Dealing with clients who are coming from coupon sites is a whole different can of worms compared to regular clients (and a form of entertainment – if you are into that sort of thing). The mentality of a person, buying under-priced deals and expecting same or better level of everything: service, attention and respect is beyond me. If you are buying something tangible (say – a tablet or another gadget) with 80% discount, you can realize that you are buying a four-year old model that someone overstocked on awhile ago. You get what you pay for. When it comes to services this understanding goes away. People expect getting $600 worth of service for $99. Let me break a hard truth to you – if a company is providing a six-hundred-dollar service exactly the same way for a hundred dollars they are either selling an overpriced service or they are losing money.
Let’s look at it from money perspective.
Most of laser hair removal treatments come in packages of six. Let’s say you purchase six sessions on a small area for $99 on a deal site (the most common purchase so far). Looks reasonable, right? Only $16.50 per session – close to lunch money, if you’re in Manhattan. With coupon sites splitting the check around 50/50 (they get half and merchant is getting half – or close to that), the business only sees half of the money you paid. Which means they are making $8.25 per treatment.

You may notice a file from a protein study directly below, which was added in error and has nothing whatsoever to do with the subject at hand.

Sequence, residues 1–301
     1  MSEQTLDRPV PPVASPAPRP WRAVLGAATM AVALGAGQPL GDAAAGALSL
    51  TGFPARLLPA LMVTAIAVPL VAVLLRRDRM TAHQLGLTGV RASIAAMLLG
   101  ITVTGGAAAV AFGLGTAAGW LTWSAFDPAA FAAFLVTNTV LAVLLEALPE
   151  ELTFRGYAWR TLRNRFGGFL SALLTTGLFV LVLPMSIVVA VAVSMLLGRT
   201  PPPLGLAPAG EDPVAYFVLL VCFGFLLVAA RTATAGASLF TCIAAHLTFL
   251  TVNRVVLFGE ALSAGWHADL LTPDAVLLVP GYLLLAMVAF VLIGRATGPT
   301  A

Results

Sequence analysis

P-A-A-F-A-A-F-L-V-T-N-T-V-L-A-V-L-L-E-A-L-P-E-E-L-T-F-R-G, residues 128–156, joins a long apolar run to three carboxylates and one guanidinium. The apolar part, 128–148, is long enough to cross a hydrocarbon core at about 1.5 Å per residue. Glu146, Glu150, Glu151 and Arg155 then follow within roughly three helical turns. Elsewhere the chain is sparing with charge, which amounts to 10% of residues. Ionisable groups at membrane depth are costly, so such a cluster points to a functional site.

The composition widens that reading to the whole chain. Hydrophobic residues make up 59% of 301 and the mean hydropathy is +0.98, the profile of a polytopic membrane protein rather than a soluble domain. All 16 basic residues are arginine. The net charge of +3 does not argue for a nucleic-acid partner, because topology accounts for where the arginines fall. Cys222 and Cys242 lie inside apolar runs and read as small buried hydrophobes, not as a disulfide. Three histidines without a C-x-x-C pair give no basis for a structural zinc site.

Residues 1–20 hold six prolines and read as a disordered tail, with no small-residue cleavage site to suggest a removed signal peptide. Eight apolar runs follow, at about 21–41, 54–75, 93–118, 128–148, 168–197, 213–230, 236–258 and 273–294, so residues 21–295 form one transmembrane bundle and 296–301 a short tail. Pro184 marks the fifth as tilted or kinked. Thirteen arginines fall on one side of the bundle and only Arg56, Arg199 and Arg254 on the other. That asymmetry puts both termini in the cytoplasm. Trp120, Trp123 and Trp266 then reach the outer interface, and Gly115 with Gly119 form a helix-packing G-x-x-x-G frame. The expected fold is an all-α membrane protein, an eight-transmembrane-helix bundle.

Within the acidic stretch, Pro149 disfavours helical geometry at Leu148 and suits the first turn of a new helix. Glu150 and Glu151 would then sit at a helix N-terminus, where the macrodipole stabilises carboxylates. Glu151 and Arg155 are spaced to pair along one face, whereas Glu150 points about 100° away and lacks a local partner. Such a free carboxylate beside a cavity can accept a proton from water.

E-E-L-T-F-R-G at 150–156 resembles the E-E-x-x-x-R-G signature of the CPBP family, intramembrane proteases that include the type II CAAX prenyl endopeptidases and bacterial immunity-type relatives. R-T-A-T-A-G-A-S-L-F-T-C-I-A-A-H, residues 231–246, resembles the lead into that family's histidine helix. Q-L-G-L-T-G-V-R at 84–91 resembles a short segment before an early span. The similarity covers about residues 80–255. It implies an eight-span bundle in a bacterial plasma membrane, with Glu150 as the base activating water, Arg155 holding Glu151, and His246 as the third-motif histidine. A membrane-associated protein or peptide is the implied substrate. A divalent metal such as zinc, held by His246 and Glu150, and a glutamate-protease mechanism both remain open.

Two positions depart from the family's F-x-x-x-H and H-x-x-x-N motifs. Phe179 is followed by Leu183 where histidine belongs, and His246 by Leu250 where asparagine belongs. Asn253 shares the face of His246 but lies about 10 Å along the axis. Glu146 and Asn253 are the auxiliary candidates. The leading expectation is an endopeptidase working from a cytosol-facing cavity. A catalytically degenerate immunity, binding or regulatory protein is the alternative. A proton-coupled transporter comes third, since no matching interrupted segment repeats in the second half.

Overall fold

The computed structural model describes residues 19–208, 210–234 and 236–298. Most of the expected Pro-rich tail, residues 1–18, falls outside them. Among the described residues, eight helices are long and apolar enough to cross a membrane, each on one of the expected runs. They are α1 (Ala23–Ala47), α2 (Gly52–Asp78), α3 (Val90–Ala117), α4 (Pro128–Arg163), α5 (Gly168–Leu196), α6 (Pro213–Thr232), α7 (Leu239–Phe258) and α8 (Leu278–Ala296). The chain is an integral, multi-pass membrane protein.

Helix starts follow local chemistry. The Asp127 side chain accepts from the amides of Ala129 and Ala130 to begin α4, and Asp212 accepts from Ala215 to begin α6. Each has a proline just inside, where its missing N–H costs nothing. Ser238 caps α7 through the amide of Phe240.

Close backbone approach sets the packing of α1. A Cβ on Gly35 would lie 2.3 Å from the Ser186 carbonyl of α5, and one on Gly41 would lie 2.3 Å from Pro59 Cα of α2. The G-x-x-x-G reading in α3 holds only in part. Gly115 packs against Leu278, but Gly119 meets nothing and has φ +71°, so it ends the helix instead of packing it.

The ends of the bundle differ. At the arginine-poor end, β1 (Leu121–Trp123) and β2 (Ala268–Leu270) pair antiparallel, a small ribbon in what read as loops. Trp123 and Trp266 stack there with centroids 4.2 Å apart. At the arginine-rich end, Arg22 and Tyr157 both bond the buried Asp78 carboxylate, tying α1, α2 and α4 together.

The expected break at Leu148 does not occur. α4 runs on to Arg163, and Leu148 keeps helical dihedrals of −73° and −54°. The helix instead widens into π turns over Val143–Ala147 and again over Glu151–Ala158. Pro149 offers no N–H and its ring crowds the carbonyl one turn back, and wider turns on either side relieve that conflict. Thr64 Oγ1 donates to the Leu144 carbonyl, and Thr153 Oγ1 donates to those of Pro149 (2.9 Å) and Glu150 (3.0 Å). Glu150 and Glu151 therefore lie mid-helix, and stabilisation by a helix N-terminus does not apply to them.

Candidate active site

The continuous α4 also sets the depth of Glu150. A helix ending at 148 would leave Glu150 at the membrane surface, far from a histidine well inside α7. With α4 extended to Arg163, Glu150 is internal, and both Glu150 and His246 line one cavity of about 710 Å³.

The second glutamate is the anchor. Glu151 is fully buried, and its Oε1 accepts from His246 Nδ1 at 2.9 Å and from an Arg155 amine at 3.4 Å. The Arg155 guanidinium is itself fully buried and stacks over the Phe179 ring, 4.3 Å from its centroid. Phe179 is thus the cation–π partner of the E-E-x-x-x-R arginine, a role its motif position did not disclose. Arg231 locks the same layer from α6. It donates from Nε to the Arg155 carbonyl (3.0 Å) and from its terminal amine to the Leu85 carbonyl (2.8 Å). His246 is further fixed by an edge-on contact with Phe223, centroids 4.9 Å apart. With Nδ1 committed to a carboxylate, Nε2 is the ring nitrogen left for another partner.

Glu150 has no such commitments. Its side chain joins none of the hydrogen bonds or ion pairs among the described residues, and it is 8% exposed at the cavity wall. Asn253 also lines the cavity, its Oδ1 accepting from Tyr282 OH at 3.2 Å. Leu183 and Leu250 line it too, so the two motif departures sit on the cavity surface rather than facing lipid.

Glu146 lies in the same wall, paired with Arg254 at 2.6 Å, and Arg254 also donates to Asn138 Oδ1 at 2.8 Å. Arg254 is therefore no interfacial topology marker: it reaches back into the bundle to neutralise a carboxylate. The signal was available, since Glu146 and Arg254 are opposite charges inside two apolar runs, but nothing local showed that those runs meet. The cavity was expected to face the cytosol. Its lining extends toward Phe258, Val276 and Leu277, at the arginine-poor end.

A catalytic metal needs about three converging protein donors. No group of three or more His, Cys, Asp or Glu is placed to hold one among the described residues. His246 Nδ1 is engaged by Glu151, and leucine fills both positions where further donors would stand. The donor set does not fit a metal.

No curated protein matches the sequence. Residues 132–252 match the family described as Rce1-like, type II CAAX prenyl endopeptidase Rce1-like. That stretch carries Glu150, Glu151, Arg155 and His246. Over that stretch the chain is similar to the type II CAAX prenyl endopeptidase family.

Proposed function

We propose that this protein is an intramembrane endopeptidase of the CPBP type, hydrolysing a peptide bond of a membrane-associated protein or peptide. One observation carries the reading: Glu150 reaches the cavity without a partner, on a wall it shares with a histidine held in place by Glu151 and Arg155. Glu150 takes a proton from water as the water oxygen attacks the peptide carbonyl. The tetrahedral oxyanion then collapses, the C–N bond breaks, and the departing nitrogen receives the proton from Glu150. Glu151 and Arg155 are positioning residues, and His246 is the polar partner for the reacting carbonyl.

An average laser technician is making in the vicinity of 10 – 15 dollars per hour. Some places pay a percentage off of each treatment on top of that. Some let the technician keep all their tips (instead of, say, sharing all tips across all technicians who worked that day) and allow them to sell and make a percentage off the sold treatment. But for the sake of simplicity let’s settle on $15 per hour as a close approximation to hourly rate and percentages. Surely, a small area doesn’t take an hour to do, but even the busiest places can hardly squeeze a small area into less than 10 minutes – with client getting in, prepping or applying gel, treating, signing consent form, removing gel, etc, etc. Facial treatments are even longer, because you have to be more careful with the treatment itself. So we can expect an average technician to perform about five small area treatments per hour if she worked like a factory worker at a conveyor belt. Let’s not discuss the fact that you don’t want to be treated like a piece of machinery, but rather like a human being. So an hour of one technician’s work can generate close to $40 of revenue. Out of which $15 dollars is her salary alone. Which leaves business with $25 per hour to cover the rest. There are lost appointments (when customer cancels or reschedules at the last minute and there’s no one else to put in his/her appointment slot), laser machines payments (a single good laser machine can cost up to $200,000 plus its own maintenance and insurance plans), supplies, utilities, rent, business insurance, maintenance, salary of the receptionist (if there is one) to consider as well. If you add all costs together, a business can consider itself lucky if they break even on a coupon sale. It gets worse if a deal site starts competing with another deal site and tries to bring your coupon price from $99 to $79 (for the lazy – a business is then makes $6.58 – just over a price of cup of coffee at Starbucks). It gets worse on larger areas, that’s why most of businesses stopped selling large areas on coupon sites. In other words – it’s next to impossible to make money on coupons, your best bet is not to loose money on it and hope to convert.